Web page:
Last. Philippe NégrelH-Index: 32
view all 4 authors...
Abstract The assessment of the environmental impacts of CO 2 geological storage requires the investigation of potential CO 2 leakages into fresh groundwater, particularly with respect to protected groundwater resources. The geochemical processes and perturbations associated with a CO 2 leak into fresh groundwater could alter groundwater quality: indeed, some of the reacting minerals may contain hazardous constituents, which might be released into groundwater. Since the geochemical reactions may ...
43 CitationsSource
#1Omar R. Harvey (USM: University of Southern Mississippi)H-Index: 10
#2Nikolla P. Qafoku (PNNL: Pacific Northwest National Laboratory)H-Index: 27
Last. Christopher F. Brown (PNNL: Pacific Northwest National Laboratory)H-Index: 20
view all 6 authors...
Gas leakage from deep storage reservoirs is a major risk factor associated with geologic carbon sequestration (GCS). A systematic understanding of how such leakage would impact the geochemistry of potable aquifers and the vadose zone is crucial to the maintenance of environmental quality and the widespread acceptance of GCS. This paper reviews the current literature and discusses current knowledge gaps on how elevated CO2 levels could influence geochemical processes (e.g., adsorption/desorption ...
102 CitationsSource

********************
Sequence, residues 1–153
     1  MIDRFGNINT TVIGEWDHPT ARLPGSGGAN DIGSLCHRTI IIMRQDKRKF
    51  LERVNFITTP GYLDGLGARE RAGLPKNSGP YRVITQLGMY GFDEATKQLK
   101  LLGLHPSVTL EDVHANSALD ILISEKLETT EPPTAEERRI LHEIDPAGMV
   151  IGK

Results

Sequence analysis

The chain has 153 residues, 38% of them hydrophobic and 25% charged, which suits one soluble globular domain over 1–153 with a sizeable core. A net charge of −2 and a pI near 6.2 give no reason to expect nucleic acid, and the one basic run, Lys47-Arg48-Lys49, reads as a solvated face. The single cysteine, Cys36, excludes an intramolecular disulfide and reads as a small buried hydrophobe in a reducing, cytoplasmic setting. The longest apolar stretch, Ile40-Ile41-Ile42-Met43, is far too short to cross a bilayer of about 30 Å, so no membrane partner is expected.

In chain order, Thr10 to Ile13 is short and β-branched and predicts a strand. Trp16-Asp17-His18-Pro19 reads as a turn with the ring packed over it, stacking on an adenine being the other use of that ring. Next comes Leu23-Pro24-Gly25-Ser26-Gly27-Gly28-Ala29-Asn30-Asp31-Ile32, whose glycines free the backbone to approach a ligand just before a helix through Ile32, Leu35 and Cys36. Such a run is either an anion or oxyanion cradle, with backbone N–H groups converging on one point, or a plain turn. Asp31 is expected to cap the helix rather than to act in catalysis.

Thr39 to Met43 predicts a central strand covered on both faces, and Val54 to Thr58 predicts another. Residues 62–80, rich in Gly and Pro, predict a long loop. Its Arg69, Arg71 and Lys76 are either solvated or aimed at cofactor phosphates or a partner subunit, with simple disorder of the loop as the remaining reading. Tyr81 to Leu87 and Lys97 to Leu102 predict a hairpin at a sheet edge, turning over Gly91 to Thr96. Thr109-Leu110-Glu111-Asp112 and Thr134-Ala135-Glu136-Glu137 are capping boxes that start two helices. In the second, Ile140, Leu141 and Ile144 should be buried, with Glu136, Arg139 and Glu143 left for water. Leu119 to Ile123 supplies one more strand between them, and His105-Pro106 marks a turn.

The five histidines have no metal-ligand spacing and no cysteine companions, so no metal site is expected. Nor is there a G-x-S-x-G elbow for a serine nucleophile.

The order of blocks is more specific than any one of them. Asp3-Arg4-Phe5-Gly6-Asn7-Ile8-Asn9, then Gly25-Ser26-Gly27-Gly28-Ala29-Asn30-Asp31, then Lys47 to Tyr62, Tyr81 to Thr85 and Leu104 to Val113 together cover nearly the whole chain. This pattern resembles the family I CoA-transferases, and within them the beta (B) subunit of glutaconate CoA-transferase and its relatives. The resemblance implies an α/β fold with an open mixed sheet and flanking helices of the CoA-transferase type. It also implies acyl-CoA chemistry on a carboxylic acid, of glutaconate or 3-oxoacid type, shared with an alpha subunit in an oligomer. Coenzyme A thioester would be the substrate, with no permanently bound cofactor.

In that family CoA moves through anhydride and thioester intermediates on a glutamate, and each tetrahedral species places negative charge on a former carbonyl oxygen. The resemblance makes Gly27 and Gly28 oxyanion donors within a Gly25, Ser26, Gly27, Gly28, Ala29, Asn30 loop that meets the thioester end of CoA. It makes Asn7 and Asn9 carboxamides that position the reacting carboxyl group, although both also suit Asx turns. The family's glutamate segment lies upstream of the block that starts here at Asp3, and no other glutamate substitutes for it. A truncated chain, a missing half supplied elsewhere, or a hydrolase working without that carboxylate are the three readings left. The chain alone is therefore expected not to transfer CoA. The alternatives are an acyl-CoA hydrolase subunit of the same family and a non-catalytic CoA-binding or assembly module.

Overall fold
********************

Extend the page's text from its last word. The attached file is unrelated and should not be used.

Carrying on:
#1Robert C. TrautzH-Index: 11
#2John D. PughH-Index: 5
Last. Jens BirkholzerH-Index: 37
view all 13 authors...
121 CitationsSource
Cited By20
Newest
#1Qihuang Wang (Fudan University)
#2Xiuxiu Miao (CAS: Chinese Academy of Sciences)H-Index: 2
Last. Zimeng Wang (Fudan University)
view all 8 authors...
Abstract Geological carbon storage is considered as a promising strategy to reduce greenhouse gas emissions. For those subsurface systems with uranium-bearing minerals in rock formations, there is an uncharacterized possibility for injected CO2 to cause uranium mobilization due to the coupled chemical and physical interactions at mineral--water interfaces. We developed a TOUGHREACT model to assess the uranium mobilization potential from uraninite (UO2) dissolution induced by CO2 injection into a...
Source
#1M. Dolores Basallote (UCA: University of Cádiz)H-Index: 1
#2Ana R. Borrero-Santiago (NTNU: Norwegian University of Science and Technology)H-Index: 2
Last. Murat Van Ardelan (NTNU: Norwegian University of Science and Technology)H-Index: 11
view all 6 authors...
Abstract Carbon capture and storage (CCS) is the third contributor to cumulative carbon emission reductions required by the second half of this century. Although this is a promising technology for reducing atmospheric CO2, it is only affordable if the confinement of the gas is guaranteed for hundreds of years. Hence, it is of paramount importance to figure out and predict the chemical and biological effects associated with potential CO2 leakage, to provide decision makers with a good basis for c...
2 CitationsSource
Abstract This study evaluates the potential impact of leaking CO2 gas and CO2-rich waters on shallow groundwater quality by focusing on the mobilization of trace elements. For this study, Group I (acidic CO2-rich waters with low TDS), Group II (slightly acidic CO2-rich waters with high TDS), and Group III (CO2-poor waters with low TDS) were sampled in the study area occurring naturally CO2-rich waters. The carbon isotope data (δ13C and 14C) indicate that the dissolved CO2 in CO2-rich water origi...
1 CitationsSource
#1Gidon Han (Yonsei University)
#2Weon Shik Han (Yonsei University)H-Index: 17
Last. Tae Kwon Yun (Yonsei University)
view all 6 authors...